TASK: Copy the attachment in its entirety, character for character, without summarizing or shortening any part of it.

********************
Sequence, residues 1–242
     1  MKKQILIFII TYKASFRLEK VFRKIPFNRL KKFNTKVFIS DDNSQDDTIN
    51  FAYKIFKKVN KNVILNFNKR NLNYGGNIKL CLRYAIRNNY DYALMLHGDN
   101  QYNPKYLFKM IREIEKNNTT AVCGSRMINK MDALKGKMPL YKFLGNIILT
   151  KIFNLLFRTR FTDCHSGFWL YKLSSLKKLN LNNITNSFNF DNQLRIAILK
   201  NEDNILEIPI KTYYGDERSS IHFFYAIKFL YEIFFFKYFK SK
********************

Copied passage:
Sequence, residues 1–242
     1  MKKQILIFII TYKASFRLEK VFRKIPFNRL KKFNTKVFIS DDNSQDDTIN
    51  FAYKIFKKVN KNVILNFNKR NLNYGGNIKL CLRYAIRNNY DYALMLHGDN
   101  QYNPKYLFKM IREIEKNNTT AVCGSRMINK MDALKGKMPL YKFLGNIILT
   151  KIFNLLFRTR FTDCHSGFWL YKLSSLKKLN LNNITNSFNF DNQLRIAILK
   201  NEDNILEIPI KTYYGDERSS IHFFYAIKFL YEIFFFKYFK SK